GENEVA - Palestinian president Mahmud Abbas called Wednesday for the creation of a “special regime” for the protection of his people, as a wave of deadly Israeli-Palestinian violence showed no sign of abating.

Abbas called on the United Nations, “more urgently than any time before, to set up a special regime for international protection for the Palestinian people, immediately and urgently.” Accusing Israel of carrying out “extrajudicial killings”, he called for the United Nations, and especially the Security Council, as well as member states to shoulder their responsibility.

Meanwhile, the United Nations warned Wednesday that a deadly surge in violence between Israelis and Palestinians was headed toward “catastrophe” as new knife attacks took place in the volatile West Bank. An Israeli woman was stabbed and moderately wounded in one such attack, while a Palestinian allegedly tried to stab an Israeli soldier and was shot dead in another, the police and army said. UN High Commissioner for Human Rights Zeid Ra’ad Al Hussein said the latest flare-up in violence in the six-decade-old conflict was “dangerous in the extreme”.

“The violence between Palestinians and the Israelis will draw us ever closer to a catastrophe if not stopped immediately,” he said during a meeting of the UN Human Rights Council in Geneva. World leaders desperately want to revive moribund Israeli-Palestinian peace talks that last collapsed in April 2014, to avoid a deeper slide into violence that many fear could lead to a third Palestinian intifada.

But Abbas said Wednesday that “it is no longer useful to waste time in negotiations” and warned that a continuation of the current violence could “kill the last shred of hope for the two-state-solution-based peace.”

He called on the United Nations “to set up a special regime for international protection for the Palestinian people.”

Abbas accused Israel of “extrajudicial killings of defenceless Palestinian civilians, (and having) detained their corpses, including children.”

Withholding the bodies of attackers is one of a series of measures approved by the Israeli government to try to dissuade the attacks against Jews, which began in early October as tensions over the Al-Aqsa mosque compound in Jerusalem boiled over.

Palestinians have long feared Israelis are planning to change the rules governing the site that is sacred to both Muslims and Jews, and lies in a majority Palestinian area annexed by Israel in 1967.

Israeli Prime Minister Benjamin Netanyahu has repeatedly denied seeking to allow Jews to pray at the compound, which they refer to as the Temple Mount.

Only Muslims are allowed to pray within the compound, while non-Muslims can visit but not pray there.

Hundreds of angry Palestinians demonstrated Tuesday night in Hebron to demand the return of “the bodies of martyrs” - youths behind the wave of unrest that has seen nine Israelis killed in knife attacks and shootings.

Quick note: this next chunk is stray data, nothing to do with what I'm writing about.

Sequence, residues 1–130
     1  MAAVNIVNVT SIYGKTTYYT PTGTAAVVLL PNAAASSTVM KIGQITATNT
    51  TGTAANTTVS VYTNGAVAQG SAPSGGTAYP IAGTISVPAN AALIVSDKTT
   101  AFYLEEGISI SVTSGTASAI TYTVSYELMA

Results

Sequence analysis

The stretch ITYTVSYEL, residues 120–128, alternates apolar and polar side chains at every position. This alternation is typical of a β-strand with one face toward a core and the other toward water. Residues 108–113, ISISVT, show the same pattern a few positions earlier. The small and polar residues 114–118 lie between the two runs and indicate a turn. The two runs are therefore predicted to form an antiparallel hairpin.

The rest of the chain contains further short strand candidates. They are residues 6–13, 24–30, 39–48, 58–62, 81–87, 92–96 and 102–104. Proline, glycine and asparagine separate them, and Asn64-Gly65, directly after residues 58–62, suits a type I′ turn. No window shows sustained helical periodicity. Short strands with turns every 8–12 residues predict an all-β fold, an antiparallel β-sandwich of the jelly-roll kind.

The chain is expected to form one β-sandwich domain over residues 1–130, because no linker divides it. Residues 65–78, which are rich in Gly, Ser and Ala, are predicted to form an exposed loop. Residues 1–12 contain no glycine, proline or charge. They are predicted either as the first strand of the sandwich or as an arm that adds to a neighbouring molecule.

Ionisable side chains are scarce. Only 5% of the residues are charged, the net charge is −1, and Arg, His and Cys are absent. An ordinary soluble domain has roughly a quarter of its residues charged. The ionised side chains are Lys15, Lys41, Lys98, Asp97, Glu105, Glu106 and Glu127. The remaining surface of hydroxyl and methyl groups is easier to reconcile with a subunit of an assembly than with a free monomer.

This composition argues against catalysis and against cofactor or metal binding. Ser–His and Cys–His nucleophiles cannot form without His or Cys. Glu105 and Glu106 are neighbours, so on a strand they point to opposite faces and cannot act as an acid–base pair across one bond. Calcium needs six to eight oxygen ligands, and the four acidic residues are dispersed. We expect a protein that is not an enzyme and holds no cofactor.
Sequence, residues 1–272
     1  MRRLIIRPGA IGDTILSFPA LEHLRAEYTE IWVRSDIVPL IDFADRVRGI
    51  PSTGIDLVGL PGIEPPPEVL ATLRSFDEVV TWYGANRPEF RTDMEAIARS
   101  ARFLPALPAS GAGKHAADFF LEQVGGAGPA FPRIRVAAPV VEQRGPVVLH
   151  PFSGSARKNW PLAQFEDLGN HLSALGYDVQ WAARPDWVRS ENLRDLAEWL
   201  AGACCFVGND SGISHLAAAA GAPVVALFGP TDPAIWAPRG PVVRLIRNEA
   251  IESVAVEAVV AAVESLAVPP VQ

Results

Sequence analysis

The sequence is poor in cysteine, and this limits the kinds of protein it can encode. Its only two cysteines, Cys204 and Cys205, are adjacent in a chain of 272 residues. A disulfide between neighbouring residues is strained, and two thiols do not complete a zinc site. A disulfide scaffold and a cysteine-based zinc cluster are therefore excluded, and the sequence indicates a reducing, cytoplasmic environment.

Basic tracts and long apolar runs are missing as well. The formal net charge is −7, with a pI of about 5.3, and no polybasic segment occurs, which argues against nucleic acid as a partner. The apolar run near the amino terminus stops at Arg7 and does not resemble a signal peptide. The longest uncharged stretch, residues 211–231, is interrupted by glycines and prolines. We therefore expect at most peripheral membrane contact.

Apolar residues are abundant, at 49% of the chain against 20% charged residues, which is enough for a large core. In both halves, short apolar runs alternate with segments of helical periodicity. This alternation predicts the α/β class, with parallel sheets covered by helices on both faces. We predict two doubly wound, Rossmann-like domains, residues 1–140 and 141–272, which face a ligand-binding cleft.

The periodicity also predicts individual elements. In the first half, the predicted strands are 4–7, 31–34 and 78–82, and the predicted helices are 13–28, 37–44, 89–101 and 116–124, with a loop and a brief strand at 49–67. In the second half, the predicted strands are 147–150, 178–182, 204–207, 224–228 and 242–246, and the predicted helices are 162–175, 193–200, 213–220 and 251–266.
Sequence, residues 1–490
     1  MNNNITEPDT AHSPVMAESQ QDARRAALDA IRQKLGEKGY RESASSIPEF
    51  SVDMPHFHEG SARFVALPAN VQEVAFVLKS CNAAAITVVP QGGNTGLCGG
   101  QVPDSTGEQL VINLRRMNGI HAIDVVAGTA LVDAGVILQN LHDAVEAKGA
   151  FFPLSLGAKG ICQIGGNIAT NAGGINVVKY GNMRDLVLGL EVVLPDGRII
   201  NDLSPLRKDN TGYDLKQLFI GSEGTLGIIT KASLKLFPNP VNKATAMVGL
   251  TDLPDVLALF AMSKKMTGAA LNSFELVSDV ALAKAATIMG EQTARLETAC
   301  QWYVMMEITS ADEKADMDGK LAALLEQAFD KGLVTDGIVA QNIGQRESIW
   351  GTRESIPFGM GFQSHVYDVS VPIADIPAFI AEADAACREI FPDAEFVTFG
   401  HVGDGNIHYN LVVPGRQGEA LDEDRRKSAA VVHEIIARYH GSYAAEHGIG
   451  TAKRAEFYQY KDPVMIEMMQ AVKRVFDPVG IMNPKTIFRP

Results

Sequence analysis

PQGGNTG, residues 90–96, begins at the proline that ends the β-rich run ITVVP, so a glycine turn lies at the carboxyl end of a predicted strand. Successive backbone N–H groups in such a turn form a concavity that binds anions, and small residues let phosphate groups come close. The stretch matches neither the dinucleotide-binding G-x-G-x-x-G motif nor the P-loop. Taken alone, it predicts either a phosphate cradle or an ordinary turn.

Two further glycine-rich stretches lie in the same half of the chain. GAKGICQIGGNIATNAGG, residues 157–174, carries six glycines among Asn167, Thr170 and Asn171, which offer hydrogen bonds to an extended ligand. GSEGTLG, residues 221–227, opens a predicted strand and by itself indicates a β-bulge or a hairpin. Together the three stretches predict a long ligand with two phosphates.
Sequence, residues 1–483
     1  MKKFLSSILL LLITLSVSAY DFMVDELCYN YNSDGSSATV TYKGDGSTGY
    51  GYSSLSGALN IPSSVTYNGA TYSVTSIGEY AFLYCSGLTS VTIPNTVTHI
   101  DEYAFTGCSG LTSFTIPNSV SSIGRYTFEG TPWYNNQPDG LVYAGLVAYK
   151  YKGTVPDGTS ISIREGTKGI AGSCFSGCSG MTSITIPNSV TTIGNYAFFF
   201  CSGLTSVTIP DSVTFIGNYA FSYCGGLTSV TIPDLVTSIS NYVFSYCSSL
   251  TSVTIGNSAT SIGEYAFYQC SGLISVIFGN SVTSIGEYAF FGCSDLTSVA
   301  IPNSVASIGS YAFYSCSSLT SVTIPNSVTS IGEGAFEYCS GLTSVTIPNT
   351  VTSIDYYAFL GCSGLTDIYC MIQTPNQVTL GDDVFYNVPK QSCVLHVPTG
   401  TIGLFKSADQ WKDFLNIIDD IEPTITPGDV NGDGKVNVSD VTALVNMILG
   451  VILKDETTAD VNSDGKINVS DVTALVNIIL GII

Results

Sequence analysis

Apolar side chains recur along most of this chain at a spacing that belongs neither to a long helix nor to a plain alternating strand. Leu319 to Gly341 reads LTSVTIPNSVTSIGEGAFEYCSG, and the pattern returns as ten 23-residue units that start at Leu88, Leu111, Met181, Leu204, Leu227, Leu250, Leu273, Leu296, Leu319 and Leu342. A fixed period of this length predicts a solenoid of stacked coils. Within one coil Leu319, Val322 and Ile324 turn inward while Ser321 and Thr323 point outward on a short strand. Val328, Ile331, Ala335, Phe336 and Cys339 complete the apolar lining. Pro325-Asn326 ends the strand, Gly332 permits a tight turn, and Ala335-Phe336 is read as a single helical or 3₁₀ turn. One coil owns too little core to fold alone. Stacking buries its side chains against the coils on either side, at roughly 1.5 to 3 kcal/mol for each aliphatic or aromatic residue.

The West Bank city of Hebron has been a hotbed of the recent unrest, with near-daily clashes with Israeli police where protesters are often left with bullet wounds or dead.

Many of the youths behind the attacks are also from the city.

Palestinian organisations say the bodies of 25 attackers and an Israeli Arab have not been returned to families.

They are among 61 killed since October 1. Palestinian medics say some 2,000 Palestinians have been injured since the outbreak of violence.

“The terrorist’s family makes his funeral a show of support for terrorism and incitation to murder and we cannot allow it,” Internal Security Minister Gilad Erdan said in mid-October when the measure was announced.

He said the bodies would be buried in cemeteries reserved for attackers, “as has been done in the past.”

The move infuriates Muslims who have strict religious rules on how burials should take place.

The Israelis “want to put pressure on us... they know that it is more than a red line for us: they execute them and then they try to crush our dignity,” said Jihad Irshaid, the father of 17-year-old Dania who was shot dead on Sunday while allegedly trying to stab soldiers.

Amnesty International on Tuesday accused Israel of a series of “unlawful killings of Palestinians using intentional lethal force without justification” in east Jerusalem and the West Bank.

After an intense diplomatic drive to defuse the tensions, Israel and Jordan - the custodian of the holy site - agreed Saturday to allow surveillance cameras at Al-Aqsa, but this has run into trouble as the two locked horns over the installation.

Further straining the situation, an Israeli Arab lawmaker on Wednesday visited the mosque compound, defying a ban by Netanyahu on visits by lawmakers and government ministers, to avoid provoking Muslim anger.

“Israel does not control who is banned from entering the mosque, and continues to change the status quo,” Basel Ghattas, a Christian member of the Israeli parliament for the Arab Joint List coalition, wrote on his Facebook account.

Netanyahu condemned the “provocative” move, saying he would “not let any Knesset member or minister ignite the Temple Mount”.